Frank William Boreham 1871-1959

Frank William Boreham 1871-1959
A photo F W Boreham took of himself in 1911

Thursday, September 07, 2006

Boreham Writes About Disability

Inherent in Boreham’s theme of “making the best of ourselves” was the recognition that each person has a different ability so that each must “bring to perfection the best of which he or she is capable”.[1]

In one of many editorials that valued the individual, Boreham said, “The thing that makes humanity so perennially fascinating is its infinite capacity for exceptions.”[2] While not clarifying what type of exceptions he had in mind, he wrote elsewhere of “the value of the freak” and “the black sheep”, the need to study and treasure people who are exceptions and the conviction that “different children need to be cherished”.

In an article about the life of Beethoven, Boreham said, “The glory of Beethoven was that he was essentially a rebel [and] ... to such rebels ... the world owes a debt it will never be able to compute”.[3]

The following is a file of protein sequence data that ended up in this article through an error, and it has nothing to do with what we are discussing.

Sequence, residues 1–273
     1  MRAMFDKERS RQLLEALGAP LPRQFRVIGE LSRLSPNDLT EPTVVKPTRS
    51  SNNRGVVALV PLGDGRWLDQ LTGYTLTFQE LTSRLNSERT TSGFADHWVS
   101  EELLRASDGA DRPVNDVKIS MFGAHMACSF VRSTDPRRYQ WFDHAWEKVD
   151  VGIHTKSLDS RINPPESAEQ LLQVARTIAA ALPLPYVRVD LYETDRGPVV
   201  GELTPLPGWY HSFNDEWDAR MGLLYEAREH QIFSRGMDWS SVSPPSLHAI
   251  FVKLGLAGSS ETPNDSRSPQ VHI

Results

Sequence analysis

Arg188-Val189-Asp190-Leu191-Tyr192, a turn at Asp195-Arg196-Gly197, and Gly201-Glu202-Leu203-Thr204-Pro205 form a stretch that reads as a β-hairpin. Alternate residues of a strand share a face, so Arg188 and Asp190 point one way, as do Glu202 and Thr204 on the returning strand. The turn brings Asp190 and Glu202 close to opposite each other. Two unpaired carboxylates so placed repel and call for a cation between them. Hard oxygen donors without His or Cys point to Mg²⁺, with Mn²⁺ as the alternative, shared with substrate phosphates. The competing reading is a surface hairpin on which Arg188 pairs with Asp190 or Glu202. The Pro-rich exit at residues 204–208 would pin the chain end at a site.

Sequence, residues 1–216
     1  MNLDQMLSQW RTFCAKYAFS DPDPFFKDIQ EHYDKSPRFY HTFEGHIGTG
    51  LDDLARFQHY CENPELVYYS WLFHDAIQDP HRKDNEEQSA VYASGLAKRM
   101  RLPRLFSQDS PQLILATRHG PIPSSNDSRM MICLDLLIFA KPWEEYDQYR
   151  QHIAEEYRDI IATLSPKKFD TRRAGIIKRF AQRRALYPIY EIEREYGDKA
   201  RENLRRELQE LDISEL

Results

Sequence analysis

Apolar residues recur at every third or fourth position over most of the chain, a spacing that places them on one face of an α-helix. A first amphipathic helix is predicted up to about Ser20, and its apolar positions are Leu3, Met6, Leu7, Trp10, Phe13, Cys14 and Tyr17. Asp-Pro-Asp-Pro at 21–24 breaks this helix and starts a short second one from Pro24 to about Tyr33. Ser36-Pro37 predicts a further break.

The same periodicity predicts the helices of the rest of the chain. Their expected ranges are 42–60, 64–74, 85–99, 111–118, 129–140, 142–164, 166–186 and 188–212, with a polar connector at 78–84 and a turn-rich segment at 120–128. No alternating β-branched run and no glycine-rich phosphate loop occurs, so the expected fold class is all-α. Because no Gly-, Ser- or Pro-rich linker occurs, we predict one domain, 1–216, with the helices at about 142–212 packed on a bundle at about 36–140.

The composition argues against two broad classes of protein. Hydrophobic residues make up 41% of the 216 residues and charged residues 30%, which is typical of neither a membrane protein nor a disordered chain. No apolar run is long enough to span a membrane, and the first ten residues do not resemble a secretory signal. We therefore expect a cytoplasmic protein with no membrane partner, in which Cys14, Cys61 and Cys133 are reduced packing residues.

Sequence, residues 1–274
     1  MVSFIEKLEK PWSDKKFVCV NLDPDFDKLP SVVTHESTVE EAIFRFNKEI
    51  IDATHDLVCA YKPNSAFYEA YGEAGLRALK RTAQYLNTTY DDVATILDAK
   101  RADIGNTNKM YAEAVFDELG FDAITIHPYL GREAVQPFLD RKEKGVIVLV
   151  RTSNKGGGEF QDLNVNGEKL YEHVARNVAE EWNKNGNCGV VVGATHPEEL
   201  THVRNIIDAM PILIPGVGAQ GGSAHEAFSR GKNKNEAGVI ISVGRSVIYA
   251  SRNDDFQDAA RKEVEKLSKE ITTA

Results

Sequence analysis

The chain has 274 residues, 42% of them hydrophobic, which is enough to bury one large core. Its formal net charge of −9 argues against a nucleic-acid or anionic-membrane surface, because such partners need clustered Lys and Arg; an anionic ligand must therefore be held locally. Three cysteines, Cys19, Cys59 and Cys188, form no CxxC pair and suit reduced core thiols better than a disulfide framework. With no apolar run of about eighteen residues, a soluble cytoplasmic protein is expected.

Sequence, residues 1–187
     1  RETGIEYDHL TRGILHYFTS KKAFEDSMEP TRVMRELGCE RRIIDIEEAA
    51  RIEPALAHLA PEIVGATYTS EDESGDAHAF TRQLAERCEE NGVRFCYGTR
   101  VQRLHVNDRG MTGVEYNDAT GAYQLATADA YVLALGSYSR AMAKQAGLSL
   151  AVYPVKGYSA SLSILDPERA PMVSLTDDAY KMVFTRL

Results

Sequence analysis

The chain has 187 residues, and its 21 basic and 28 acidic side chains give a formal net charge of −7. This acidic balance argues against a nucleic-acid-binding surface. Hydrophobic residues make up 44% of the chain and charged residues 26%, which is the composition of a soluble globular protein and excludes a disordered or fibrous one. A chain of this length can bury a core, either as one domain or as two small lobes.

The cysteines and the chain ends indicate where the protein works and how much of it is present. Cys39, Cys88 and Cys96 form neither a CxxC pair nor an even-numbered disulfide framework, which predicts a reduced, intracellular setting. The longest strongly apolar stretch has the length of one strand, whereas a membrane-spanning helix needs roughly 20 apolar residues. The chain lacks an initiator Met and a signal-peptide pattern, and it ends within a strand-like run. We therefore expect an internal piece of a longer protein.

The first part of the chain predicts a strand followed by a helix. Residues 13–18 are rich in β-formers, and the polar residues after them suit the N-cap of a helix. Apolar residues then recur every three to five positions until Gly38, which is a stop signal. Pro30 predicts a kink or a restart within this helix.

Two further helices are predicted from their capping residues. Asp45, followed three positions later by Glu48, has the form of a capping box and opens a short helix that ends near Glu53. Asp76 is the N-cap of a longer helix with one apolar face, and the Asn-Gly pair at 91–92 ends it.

Most certainly Boreham’s experience of having a physically and mentally disabled child named Stella, “the only fragile flower in our garden”,[4] gave to his writing a deep appreciation of the value that such individuals bring to the world. Writing about, ‘The care of the feeble-minded’,[5] when Stella was seven, Boreham emphasized the “long series of gradations of mental deficiency” (as distinct from being either ‘sane or insane’).

In this important statement in 1914, a few years after the Australian government had introduced the Old Age Pension (1909) and the Invalid Pension (1910), Boreham encouraged society to implement preventative and remedial measures for the disabled. He applauded the rise of specially qualified teachers and supported the move for all large centres to have Day Schools as well as Residential Schools.

Rather than keeping the disabled remote from society, Boreham hoped that they would be “saved to the community” and that “by a little sympathetic treatment [they] might be made into useful and intelligent citizens.”

In 1924 Boreham wrote about the deaf and dumb and their experience of “the paralysis of silence”. Identifying the additional pain of public prejudice, Boreham claimed, “No country has done more to abolish it than has Australia.”[6]

Geoff Pound

Image: Experiencing “the paralysis of silence.”

[1] Boreham, Mercury, 10 September 1955.
[2] Boreham, Mercury, 20 January 1934.
[3] Boreham, Mercury, 6 March 1943.
[4] Boreham, My pilgrimage, 190-191.
[5] Boreham, Mercury, 27 February 1914.
[6] Boreham, Mercury, 19 February 1924.